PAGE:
There are many different types of materials available when choosing patio & deck furniture sets. In my last blog I explained the versatility of Teak and how the finished look is dependent on how it is maintained. If Teak is not your style, framed metal furniture is another beautiful choice that will last for years when cared for properly, even if you live near the ocean.

Roger’s Gardens offers two primary choices in framed metal outdoor patio furniture in aluminum and wrought iron. If you are concerned with rust and prefer lighter weight furniture, aluminum would be your choice. Although aluminum will not rust, it can oxidize, especially with exposure to the salty coastal air. If you desire stronger framework wrought iron is another good choice. However, if it chips or scratches and the bare metal becomes exposed to the elements, it can rust. With the proper care, both will afford you years of enjoyment.

The most harmful element to both types of patio furniture metal is salty coastal air. One of the best ways to protect your furniture from the elements is to cover it on a daily basis when not in use.  To remove the build up of salt and other pollutants, it is recommended to rinse it weekly and dry with a soft cloth. If necessary, a gentle cleanser may be used, such as dishwashing soap, but harsh abrasives should be avoided. For non-textured surfaces you may apply a coating of a high quality car wax or polishing compound once every 3 months.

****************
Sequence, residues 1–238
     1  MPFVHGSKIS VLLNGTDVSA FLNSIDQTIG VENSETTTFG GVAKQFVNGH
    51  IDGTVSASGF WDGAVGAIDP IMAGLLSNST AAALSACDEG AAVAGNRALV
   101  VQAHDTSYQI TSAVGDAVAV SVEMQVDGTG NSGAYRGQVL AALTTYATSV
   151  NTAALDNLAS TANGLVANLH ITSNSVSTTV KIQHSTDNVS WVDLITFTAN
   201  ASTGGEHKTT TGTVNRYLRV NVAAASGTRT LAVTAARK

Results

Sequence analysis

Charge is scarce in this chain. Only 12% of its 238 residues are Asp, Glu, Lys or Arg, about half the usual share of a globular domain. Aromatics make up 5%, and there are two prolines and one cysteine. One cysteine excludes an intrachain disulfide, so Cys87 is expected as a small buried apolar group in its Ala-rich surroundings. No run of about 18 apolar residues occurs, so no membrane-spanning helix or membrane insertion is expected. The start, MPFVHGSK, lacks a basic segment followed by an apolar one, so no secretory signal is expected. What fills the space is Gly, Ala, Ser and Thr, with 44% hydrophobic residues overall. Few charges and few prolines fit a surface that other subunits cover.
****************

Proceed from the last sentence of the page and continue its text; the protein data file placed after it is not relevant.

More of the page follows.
There are also quality products designed specifically for outdoor furniture care that act as a protectants and sunscreen. The images above show when a product is used on a small table with the “before” on the right side and the “after” on the left side. Be sure to consult your manufacturer’s warranty for any special instructions or exclusions before starting any maintenance routine.

With wrought iron outdoor furniture, the risk of rust is highest when the powder coating has become chipped or scratched to the bare metal. This should be treated immediately by applying rubbing alcohol to the damaged spot, followed by a light sanding and an application of touch up paint from the manufacturer.

A few minutes of maintenance a week is all it takes to ensure a long life for your outdoor furniture.